Early in my explorations of electricity, I came across a length of coaxial cable with a label of “50 ohms” printed along its outer sheath (Figure below). Coaxial cable is a two-conductor cable made of a single conductor surrounded by a braided wire jacket, with a plastic insulating material separating the two.
As such, the outer (braided) conductor completely surrounds the inner (single wire) conductor, the two conductors insulated from each other for the entire length of the cable. This type of cabling is often used to conduct weak (low-amplitude) voltage signals, due to its excellent ability to shield such signals from external interference.
Coaxial cable construction.
I was mystified by the “50 ohms” label on this coaxial cable. How could two conductors, insulated from each other by a relatively thick layer of plastic, have 50 ohms of resistance between them?
Measuring the resistance between the outer and inner conductors with my ohmmeter, I found it to be infinite (open-circuit), just as I would have expected from the two insulated conductors.
Measuring each of the two conductors’ resistances from one end of the cable to the other indicated nearly zero ohms of resistance: again, exactly what I would have expected from continuous, unbroken lengths of wire.
Nowhere was I able to measure 50 Ω of resistance on this cable, regardless of which points I connected my ohmmeter in between.
What I didn’t understand at that time was the cable’s response to high-frequency AC signals and pulses that exhibit fast rise/fall time. Continuous direct current (DC)—such as that used by my ohmmeter to check the cable’s resistance—shows the two conductors to be completely insulated from each other, with nearly infinite resistance between the two.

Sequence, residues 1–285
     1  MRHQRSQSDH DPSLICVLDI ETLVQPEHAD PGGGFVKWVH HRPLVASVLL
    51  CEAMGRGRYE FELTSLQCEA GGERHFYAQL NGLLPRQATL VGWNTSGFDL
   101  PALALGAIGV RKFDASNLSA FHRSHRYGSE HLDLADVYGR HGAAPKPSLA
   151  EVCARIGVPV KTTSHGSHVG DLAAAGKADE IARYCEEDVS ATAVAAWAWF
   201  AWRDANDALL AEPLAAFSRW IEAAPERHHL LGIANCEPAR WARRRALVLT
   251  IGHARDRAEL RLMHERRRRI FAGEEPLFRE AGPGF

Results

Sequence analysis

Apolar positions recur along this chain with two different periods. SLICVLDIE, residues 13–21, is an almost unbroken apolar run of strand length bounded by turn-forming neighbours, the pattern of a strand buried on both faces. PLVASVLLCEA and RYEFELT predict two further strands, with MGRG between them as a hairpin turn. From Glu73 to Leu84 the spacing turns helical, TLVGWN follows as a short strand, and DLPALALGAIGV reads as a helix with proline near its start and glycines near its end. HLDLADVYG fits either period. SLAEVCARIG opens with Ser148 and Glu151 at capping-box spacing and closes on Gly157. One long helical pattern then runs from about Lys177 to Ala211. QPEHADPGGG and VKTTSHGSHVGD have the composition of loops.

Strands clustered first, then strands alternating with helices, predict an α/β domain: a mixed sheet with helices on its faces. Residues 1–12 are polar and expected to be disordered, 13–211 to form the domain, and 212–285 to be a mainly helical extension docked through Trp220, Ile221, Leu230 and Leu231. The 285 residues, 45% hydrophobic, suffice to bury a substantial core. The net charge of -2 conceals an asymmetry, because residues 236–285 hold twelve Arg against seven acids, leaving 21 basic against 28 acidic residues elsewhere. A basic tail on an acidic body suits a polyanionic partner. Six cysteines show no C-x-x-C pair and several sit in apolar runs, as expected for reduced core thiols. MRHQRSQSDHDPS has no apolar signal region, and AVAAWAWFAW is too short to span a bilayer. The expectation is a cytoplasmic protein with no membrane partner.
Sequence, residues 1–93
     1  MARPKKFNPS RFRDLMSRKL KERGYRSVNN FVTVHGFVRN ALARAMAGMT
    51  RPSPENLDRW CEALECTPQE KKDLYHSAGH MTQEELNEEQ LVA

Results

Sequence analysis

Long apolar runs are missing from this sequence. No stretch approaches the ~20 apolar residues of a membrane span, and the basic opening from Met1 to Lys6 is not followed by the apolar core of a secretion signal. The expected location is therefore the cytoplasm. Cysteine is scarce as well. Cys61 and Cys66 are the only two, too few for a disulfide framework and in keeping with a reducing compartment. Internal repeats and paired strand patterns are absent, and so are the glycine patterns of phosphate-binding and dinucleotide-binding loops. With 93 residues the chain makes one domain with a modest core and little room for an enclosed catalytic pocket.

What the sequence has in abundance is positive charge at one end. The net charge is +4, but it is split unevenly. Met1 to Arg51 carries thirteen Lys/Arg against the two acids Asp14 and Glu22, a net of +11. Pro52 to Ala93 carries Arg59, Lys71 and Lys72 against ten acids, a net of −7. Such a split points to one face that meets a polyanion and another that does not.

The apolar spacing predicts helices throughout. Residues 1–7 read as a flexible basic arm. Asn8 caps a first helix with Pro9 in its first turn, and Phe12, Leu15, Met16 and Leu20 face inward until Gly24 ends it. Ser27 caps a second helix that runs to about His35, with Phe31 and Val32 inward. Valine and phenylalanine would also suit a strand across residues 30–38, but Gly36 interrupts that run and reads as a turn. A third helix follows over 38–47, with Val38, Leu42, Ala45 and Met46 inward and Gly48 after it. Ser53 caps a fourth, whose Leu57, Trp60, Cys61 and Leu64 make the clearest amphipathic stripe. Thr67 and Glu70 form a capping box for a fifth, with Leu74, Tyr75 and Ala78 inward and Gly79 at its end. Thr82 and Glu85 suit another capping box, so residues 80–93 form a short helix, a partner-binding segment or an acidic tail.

However, due to the effects of capacitance and inductance distributed along the length of the cable, the cable’s response to rapidly-changing voltages is such that it acts as a finite impedance, drawing current proportional to the applied voltage.
What we would normally dismiss as being just a pair of wires becomes an important circuit element in the presence of rapidly-changing transients and high-frequency AC signals, with characteristic properties all its own. When expressing such properties, we refer to the wire pair as a transmission line.
This chapter explores the transmission line behavior. Many transmission line effects do not appear in significant measure in AC circuits of powerline frequency (50 or 60 Hz), or in continuous DC circuits, and so we haven’t had to concern ourselves with them in our study of electric circuits thus far.
However, in circuits involving high frequencies and/or extremely long cable lengths, the effects are very significant.
Practical applications of transmission line effects abound in radio-frequency (“RF”) communication circuitry, including computer networks, and in low-frequency circuits subject to rapidly-changing voltage transients (“surges”) such as lightning strikes on power lines.
by Kate Smith